Expectant mothers who have the winter flu jab slash their chance of having a stillbirth by more than half, a major study has found.
Researchers found that women who had been recently vaccinated against flu were 51 per cent less likely to have a stillbirth than women who were unvaccinated.
The study of nearly 60,000 births strengthens the case for pregnant women to be vaccinated against the virus.
The NHS offers free flu vaccine to all pregnant women, along with the elderly and those with conditions such as asthma and diabetes.
But uptake among expectant mothers is low and falling, with only 42 per cent of pregnant women in England getting the jab last winter [2015/16], down from 44 per cent the winter before.
Doctors have urged women to have the jab because it reduces the risk of complications including premature birth, and low birth weight.
Pregnant women who have the flu vaccine cut their risk of stillbirth by half
The vaccine also protects the baby against flu for the first few months of its life.
But the new study, led by the University of Western Australia, provides evidence that the jab also protects against the tragedy of stillbirth.
The team analysed data from nearly 58,000 births that occurred during the Australian winters of 2012 and 2013.
They found that the chance of stillbirth – which they defined as a death after 20 weeks of pregnancy – was 51 per cent lower among vaccinated women.
The scientists think that this might be because flu might increase the risk of stillbirth – a factor which doctors had not previously considered.
They found that stillbirth rates increased after flu outbreaks and decreased during the months prior to the influenza season, supporting this theory.
The scientists, writing in the Clinical Infections Diseases journal, said: ‘Several findings in our study support an association between influenza infection and stillbirth.
‘The observed rate of stillbirth was higher following periods of influenza virus circulation compared with periods prior to influenza season.’
They added: ‘These results may be useful for communicating the potential benefits of seasonal influenza vaccination to pregnant mothers and their providers.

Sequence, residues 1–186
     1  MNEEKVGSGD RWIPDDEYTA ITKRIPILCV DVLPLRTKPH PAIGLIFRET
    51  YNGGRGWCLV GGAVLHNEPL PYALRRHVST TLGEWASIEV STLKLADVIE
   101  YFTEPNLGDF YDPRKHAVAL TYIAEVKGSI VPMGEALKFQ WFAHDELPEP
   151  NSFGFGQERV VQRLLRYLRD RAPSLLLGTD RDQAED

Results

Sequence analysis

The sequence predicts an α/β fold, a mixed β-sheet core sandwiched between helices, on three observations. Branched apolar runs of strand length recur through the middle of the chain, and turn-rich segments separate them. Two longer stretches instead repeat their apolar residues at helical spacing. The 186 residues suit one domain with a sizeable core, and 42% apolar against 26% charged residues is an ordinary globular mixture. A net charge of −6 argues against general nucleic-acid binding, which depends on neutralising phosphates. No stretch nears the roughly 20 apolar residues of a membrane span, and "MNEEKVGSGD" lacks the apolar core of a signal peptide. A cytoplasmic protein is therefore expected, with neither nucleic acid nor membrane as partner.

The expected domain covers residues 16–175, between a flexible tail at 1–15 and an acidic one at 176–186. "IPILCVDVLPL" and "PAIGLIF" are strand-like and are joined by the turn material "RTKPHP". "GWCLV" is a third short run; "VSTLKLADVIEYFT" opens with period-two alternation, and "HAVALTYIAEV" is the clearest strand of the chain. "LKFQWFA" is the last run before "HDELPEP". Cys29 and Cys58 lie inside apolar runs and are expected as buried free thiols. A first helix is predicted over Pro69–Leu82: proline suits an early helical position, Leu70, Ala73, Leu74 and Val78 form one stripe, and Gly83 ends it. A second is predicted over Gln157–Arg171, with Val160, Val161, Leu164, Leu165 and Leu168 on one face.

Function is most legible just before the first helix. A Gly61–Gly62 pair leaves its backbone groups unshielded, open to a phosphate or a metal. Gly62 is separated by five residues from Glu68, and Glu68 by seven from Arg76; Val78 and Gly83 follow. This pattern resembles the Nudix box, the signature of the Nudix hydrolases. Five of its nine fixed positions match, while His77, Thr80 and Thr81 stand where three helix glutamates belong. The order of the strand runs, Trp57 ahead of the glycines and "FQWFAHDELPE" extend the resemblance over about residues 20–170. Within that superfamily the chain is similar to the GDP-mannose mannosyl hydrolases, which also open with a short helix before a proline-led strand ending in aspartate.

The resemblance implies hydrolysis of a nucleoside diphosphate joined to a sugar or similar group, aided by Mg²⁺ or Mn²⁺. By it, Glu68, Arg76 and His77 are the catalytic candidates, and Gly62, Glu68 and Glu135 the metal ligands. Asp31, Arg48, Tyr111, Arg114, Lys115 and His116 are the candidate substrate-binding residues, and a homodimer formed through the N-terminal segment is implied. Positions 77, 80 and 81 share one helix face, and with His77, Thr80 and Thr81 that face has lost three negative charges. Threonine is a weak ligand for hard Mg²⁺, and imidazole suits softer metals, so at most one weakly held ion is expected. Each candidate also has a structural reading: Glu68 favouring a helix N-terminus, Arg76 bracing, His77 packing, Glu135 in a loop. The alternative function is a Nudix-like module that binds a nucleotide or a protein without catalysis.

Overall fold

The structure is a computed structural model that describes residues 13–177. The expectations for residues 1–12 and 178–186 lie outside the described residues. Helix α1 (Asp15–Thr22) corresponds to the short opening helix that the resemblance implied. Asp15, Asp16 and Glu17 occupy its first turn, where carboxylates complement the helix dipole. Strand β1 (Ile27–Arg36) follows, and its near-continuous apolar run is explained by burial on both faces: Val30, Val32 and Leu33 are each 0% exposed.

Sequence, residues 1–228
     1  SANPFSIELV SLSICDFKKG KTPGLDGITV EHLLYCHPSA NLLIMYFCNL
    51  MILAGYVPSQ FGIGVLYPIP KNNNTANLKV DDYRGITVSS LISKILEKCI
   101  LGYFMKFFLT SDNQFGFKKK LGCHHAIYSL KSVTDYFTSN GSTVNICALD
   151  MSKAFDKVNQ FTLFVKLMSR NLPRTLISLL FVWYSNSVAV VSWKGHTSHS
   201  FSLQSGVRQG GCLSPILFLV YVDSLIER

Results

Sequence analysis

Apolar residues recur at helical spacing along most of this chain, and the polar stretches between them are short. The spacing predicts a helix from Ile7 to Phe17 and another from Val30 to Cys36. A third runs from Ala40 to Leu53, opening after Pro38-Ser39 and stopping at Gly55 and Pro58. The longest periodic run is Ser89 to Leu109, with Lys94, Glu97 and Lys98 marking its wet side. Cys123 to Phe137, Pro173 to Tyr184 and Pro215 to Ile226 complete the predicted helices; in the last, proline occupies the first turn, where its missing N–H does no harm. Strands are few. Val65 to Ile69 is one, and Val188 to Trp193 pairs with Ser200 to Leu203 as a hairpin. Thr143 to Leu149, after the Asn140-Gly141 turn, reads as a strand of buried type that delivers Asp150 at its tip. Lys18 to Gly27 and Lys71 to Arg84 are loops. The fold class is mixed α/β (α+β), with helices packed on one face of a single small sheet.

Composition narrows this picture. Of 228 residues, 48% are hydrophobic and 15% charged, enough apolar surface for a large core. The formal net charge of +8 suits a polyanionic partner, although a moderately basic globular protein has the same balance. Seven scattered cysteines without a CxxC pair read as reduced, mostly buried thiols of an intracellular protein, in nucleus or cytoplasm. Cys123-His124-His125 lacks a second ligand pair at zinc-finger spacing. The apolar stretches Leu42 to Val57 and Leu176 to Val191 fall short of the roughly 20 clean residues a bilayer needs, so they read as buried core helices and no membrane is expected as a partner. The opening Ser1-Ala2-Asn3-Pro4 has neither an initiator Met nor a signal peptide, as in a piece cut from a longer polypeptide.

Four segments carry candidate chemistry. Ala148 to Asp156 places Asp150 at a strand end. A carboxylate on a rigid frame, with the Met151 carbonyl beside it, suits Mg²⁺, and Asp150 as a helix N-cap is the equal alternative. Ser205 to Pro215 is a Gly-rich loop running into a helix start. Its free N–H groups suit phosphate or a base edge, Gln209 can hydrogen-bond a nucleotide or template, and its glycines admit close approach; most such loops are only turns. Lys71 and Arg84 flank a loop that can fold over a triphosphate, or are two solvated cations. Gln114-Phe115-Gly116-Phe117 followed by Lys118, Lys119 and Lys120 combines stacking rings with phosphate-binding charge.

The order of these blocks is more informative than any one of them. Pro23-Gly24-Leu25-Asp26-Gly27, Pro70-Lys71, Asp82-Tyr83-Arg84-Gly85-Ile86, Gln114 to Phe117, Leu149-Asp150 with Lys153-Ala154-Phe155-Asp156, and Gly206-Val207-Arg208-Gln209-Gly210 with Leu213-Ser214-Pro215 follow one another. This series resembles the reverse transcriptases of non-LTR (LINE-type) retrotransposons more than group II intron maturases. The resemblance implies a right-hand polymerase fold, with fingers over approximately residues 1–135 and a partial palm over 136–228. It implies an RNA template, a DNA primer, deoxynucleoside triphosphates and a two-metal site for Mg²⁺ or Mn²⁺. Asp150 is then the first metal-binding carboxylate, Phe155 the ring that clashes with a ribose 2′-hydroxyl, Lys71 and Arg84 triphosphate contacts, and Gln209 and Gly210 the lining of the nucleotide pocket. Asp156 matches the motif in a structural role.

‘Given the growing body of evidence supporting the health benefits to mother and infant, concerted efforts are needed to improve seasonal influenza vaccine coverage among pregnant women.’
Having a flu vaccine cuts the chance of stillbirth by 51 per cent, a study of nearly 60,000 births has found. The vaccine also protects the baby against flu for the first few months of its life
The team first came upon their theory after the pandemic of swine flu, or H1N1 virus, seven years ago, when mass vaccination against viruses resulted in a drop in stillbirths.
Study author Annette Regan of the Western Australia Department of Health, said: ‘During the 2009 H1N1 pandemic, we saw a reduction in stillbirths following vaccination.
‘Our results are particularly exciting since they show we can get the same protection during seasonal epidemics, which occur every winter.
‘Unfortunately, we know that about 40 percent of pregnant women go unvaccinated, missing out on these benefits.
‘I’m hoping results like these can convince more pregnant women to get vaccinated each year.’
Pregnancy puts women at an increased risk of developing serious complications related to influenza, including acute respiratory distress syndrome and pneumonia.
But doctors are worried that concern for the safety of the baby dissuades some expectant mothers from vaccination.
The new study’s findings also support the safety of flu vaccination during pregnancy.
The number of British stillborn babies has declined in recent years, with 3,286 stillborn babies in the UK in 2013 – about one in every 240 births.
But Britain still has one of the highest stillbirth rates in the developed world, ranked 21st out of 35 of the world’s wealthy and developed nations.
Dr Richard Pebody, head of flu surveillance for Public Health England, said: ‘These study results are promising and point to the well-known fact that the flu vaccine provides both pregnant women and their new born babies with important protection.
‘We encourage more research to be undertaken to corroborate the findings of this study.
‘Public Health England recommends that pregnant women get the flu vaccination to protect themselves and their baby.
‘Studies show that the flu vaccine is safe during any stage of pregnancy, from the first few weeks up to your expected due date.
‘The flu vaccine provides protection to the mothers while pregnant, but also to their babies – protection which lasts for the first few months of their lives.’
Flu rates have increased unexpectedly in recent weeks, with the number of patients seeing their GP with symptoms is at a five-year high for this time of year.
Experts are not sure why flu rates are suddenly increasing, admitting the ‘dynamics’ of the virus are highly unpredictable. Usually it arrives in November or December, peaks in January and has almost disappeared by the end of March. But this year rates have steadily climbed since early January and then suddenly soared in the past few weeks.
Louise Silverton, director for midwifery at The Royal College of Midwives, said: ‘This latest study is really good news and shows how important the flu vaccine can be for pregnant women, it also adds to an existing body of evidence of the benefits for women who are vaccinated during pregnancy.
‘If caught, flu can be very, very serious for the mother and baby. The vaccine is effective for many people and it is certainly more effective than not having the vaccine.
‘We strongly recommend that pregnant women have the flu vaccination to protect themselves and their baby from the effects of flu.’